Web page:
Hidden by Emma Kavanagh. Read March 2015.

A distinctive, quirky writing style sets this author’s books apart from the crime fiction crowds.
A gunman is stalking the wards of a local hospital. He’s unidentified and dangerous, and has to be located. Urgently…As time ticks down, no one knows who the gunman’s next target will be. But he’s there. Hiding in plain sight. Far closer than anyone thinks…”
I’ve spent a while trying to work out how to review Hidden without spoilers but haven’t figured it out. The event towards which all the book’s action is hurtling is described in the first few pages. The author’s skill is in drawing the reader into the stories surrounding each of the main players so that at times the inevitable ending is forgotten.
I recommend Hidden to fans of twisty plots and well developed characters. I’m already dusting off a place in the to-be-read pile for Book 3.
Thank you to the publisher, via Netgalley, for the advance copy e-book. 

 

The Lie by C L Taylor. Read March 2015.

A combination of psychological thriller, intriguing mystery and action adventure.
Jane Hughes has a loving partner, a job in an animal sanctuary and a tiny cottage in rural Wales. She’s happier than she’s ever been but her life is a lie. Jane Hughes does not really exist..,Jane has tried to put the past behind her but someone knows the truth about what happened. Someone who won’t stop until they’ve destroyed Jane and everything she loves…”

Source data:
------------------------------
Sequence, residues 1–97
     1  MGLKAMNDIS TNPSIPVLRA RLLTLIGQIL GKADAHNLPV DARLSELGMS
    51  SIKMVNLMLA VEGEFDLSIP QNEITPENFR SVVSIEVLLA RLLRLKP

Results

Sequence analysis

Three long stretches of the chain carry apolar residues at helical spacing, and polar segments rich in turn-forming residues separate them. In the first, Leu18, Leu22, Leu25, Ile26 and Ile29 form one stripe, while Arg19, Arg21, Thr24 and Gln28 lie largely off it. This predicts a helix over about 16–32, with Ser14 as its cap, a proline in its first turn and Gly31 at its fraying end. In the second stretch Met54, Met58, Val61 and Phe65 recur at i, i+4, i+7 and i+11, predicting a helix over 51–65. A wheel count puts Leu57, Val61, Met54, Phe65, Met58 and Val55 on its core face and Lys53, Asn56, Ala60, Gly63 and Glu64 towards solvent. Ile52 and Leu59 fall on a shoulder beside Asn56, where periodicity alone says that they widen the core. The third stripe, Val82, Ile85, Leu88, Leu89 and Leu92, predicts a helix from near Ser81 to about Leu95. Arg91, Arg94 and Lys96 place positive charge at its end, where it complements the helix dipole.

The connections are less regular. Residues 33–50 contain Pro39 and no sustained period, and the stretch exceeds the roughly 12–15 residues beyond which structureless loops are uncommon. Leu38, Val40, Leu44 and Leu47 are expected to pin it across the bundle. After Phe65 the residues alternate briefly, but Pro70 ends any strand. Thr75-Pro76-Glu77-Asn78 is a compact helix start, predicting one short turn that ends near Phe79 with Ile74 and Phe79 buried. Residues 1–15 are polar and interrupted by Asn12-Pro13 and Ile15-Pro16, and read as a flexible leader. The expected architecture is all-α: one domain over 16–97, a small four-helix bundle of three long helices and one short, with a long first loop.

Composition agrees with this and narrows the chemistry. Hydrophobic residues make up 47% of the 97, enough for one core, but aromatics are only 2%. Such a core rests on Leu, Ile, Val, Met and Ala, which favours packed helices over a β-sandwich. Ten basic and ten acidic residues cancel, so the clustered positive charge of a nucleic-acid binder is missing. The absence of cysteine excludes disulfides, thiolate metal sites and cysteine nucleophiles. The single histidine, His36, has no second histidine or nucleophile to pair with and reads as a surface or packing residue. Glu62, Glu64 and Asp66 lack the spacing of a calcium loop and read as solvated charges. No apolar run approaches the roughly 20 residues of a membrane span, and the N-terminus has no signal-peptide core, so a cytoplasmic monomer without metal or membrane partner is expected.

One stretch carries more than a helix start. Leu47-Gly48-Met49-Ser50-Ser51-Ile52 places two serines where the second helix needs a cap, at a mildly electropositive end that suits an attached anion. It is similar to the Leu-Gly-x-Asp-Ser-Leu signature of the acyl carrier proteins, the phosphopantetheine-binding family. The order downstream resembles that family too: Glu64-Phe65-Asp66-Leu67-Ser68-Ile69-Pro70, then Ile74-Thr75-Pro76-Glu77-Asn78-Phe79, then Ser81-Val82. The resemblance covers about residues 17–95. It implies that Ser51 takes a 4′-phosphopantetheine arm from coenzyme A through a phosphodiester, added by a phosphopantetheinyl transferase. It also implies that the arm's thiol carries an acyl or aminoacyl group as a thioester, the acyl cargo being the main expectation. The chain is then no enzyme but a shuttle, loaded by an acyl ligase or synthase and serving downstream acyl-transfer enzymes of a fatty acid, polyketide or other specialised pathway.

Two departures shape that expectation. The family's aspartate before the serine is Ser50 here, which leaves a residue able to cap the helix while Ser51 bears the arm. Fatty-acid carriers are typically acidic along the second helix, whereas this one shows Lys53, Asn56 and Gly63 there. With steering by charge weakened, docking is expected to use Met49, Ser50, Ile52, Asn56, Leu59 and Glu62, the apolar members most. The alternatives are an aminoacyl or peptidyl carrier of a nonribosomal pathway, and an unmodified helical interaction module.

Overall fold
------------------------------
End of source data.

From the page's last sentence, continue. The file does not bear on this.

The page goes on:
I read The Lie in just a couple of days and as I’m a slow reader that shows me that I was hooked. The action switches between present day Jane in her new life and the events of 5 years earlier. The flashback chapters build up into a fast paced and horrifying story that I can’t really hint at without spoilers. The present day events are skilfully developed with the suspense levels cranked up to the maximum.
Recommended for readers who like a well woven plot and gritty (at times shocking) writing.
Thank you to the publisher, via Netgalley, for the advance copy e-book. 

 

Little Black Lies by Sharon Bolton. Read March 2015.

Sharon Bolton’s best book yet. Prepare to have your emotions put through the wringer then stomped on with army boots.

“What’s the worst thing your best friend could do to you?…How long before revenge becomes irresistible?With no reason to go on living, why shouldn’t you turn your darkest thoughts into deeds?

So now what’s the worst thing you could do to your best friend?”

The three main characters take a turn at narrating the story and each one has their own version of the misery of the past three years. Entwined with the current drama of the search for a missing child, their stories keep the reader well and truly hooked.

As usual with this author the book is beautifully written and at times the description of the islands distracted me from the plot. I feel as though I’ve spent the past few days in the Falklands even though it’s a place I’d previously only heard of in news bulletins.

Highly recommended.

Thank you to the publisher for the proof copy to review.

 

Disclaimer by Renee Knight. Read March 2015.

A highly original plot and a compelling read to the very end.
When an intriguing novel appears on Catherine’s bedside table, she curls up in bed and begins to read.

But as she turns the pages she is sickened to realise the story will reveal her darkest secret. A secret she thought no one else knew…”